Retailers have been at the forefront of the data movement for many years, gathering insights about their customers’ buying and spending habits. However, the recent influx of data means these companies are requiring more computing power to analyze and manage the data. So how can they overcome the data overload?
The answer to this dilemma is embracing High Performance Computing (HPC). By using an HPC platform, retailers are able to make more accurate predictions on revenue, future sales and even consumer buying patterns. HPC can be a bit hard to define but it “generally refers to the practice of aggregating computing power in a way that delivers much higher performance than one could get out of a typical desktop computer or workstation to solve large problems in science, engineering, or business.” And while HPC may have been limited to scientific fields in the past, it’s now become a powerful tool across several industries, including retail.
HPC: The ‘must-have’ technology for retailers
HPC is helping retailers to meet the current needs of customer demands in a number of ways. Currently, many retailers are scrambling to provide a retail platform that enables a seamless omnichannel customer experience with a unified and dynamic view of customers, orders and inventory. The adoption of HPC delivers omnichannel analytics while providing personalized and affinity marketing for retailers, resulting in decrease in returns cost and increase in repeat purchases. HPC can also provide a retail platform that is extensible and scalable for future needs, and it is designed so that the data remains safe and secure from attacks.
Engaging shoppers through personalized and relevant content is essential to attracting and keeping customers. One retailer that relies heavily on supercomputing is Amazon, specifically with their use of predictive analytics. Amazon tracks buyer behaviors and purchases, which then allows them to provide targeted marketing and advertising based on buyer interests and buying history. Personalization has now become the expectation, not the expectation, and other retailers must learn from this shopping titan’s success.
Why retailers should care
Retailers today must adjust their experiences for consumers if they want to survive the ‘Amazon-ification’ of their industry. This means giving their buyers holistic shopping experiences that are personalized, mobile, multichannel and secure. These needs have fueled the growth of technologies such as predictive analytics, fraud detection, end-to-end encryption and unified commerce. The end-game for retail IT is to have a secure, centralized platform, which they achieve through a couple partnerships with key hardware and software vendors.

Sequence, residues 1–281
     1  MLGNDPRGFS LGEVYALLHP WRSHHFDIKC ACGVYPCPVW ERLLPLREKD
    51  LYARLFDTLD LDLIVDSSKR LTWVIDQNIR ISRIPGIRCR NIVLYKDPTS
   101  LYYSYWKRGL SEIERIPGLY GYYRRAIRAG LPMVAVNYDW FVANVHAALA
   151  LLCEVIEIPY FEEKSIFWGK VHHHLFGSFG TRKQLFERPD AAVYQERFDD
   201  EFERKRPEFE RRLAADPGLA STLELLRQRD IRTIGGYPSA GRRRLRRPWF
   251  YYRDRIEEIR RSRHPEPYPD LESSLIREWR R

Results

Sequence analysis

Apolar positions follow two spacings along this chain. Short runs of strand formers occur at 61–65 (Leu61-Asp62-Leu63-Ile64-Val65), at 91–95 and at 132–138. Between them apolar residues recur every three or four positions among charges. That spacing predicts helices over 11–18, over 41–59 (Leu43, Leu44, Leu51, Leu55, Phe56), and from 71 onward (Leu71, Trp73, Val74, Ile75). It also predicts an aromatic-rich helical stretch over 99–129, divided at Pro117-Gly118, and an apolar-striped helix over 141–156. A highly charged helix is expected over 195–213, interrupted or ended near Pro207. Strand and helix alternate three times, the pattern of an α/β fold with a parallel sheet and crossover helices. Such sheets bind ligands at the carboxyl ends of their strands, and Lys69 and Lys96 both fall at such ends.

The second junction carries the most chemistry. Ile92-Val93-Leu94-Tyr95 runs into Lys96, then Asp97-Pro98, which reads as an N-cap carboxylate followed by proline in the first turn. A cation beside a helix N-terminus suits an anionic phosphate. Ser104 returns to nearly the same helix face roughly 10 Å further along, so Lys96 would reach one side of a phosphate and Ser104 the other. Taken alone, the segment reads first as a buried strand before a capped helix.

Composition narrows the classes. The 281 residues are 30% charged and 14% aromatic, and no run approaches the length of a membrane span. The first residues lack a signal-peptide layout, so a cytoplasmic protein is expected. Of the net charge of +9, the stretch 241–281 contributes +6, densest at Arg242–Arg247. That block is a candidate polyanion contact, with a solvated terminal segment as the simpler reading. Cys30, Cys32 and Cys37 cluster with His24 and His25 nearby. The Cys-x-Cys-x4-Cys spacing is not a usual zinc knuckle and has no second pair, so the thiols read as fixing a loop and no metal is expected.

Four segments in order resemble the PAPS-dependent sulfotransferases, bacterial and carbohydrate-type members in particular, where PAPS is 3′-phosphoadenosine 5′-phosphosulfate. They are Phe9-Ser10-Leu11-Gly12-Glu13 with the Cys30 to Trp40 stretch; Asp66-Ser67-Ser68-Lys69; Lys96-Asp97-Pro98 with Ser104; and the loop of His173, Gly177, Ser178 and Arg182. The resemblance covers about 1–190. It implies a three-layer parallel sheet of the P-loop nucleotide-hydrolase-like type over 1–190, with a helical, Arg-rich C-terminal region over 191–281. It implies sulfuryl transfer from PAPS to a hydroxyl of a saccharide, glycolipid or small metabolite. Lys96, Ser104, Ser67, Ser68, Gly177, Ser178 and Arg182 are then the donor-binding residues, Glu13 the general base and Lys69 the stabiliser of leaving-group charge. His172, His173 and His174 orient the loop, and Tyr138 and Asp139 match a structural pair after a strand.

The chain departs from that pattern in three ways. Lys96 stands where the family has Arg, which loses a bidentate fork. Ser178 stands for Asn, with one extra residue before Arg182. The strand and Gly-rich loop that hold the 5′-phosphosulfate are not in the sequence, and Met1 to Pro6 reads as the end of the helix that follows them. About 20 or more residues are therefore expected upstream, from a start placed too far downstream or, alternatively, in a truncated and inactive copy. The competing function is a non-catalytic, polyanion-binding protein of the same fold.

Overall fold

The HPC infrastructure is essential for the omnichannel requirements in retail, but there are challenges in achieving omnichannel nirvana. During integration, retailers need to securely integrate new POS devices, but occasionally retailers choose speed to market in an attempt to keep pace with the competition. However, to be successful in the long run, retailers need to ensure compliance with internal security policies and external regulations. More and more transactions and tighter security controls are driving the need for decentralized blockchain technologies, but at the same time, the store applications need to be deployed on a secure, manageable platform. Retailers also need to reduce complexity in configuration, patching and provisioning of point of service devices.
Data growth within the infrastructure is both a concern and a need. Retailers have a broad set of regulations and compliance rules that they have to adhere to, especially when considering the holistic omnichannel experience that includes a number of buying options. Customers also expect to be engaged through their purchase journey, and delivering those personalized experiences is only possible through intelligent use of data analytics.
In addition to the security concerns, many retailers are dealing with a very distributed environment, with multiple store and warehouse locations. HPC applications and workloads are being deployed across many locations and even in the cloud, making it imperative that an HPC infrastructure and associated HPC management and monitoring tools are available to help.
Despite the many misconceptions about how difficult it might be to adopt an HPC environment in-house, the retail industry is ready for the shift. The question is no longer how will the industry integrate HPC, but rather when.
This article was written by Jeff Reser from Retail Customer Experience. News Features and was legally licensed through the NewsCred publisher network. Please direct all licensing questions to firstname.lastname@example.org.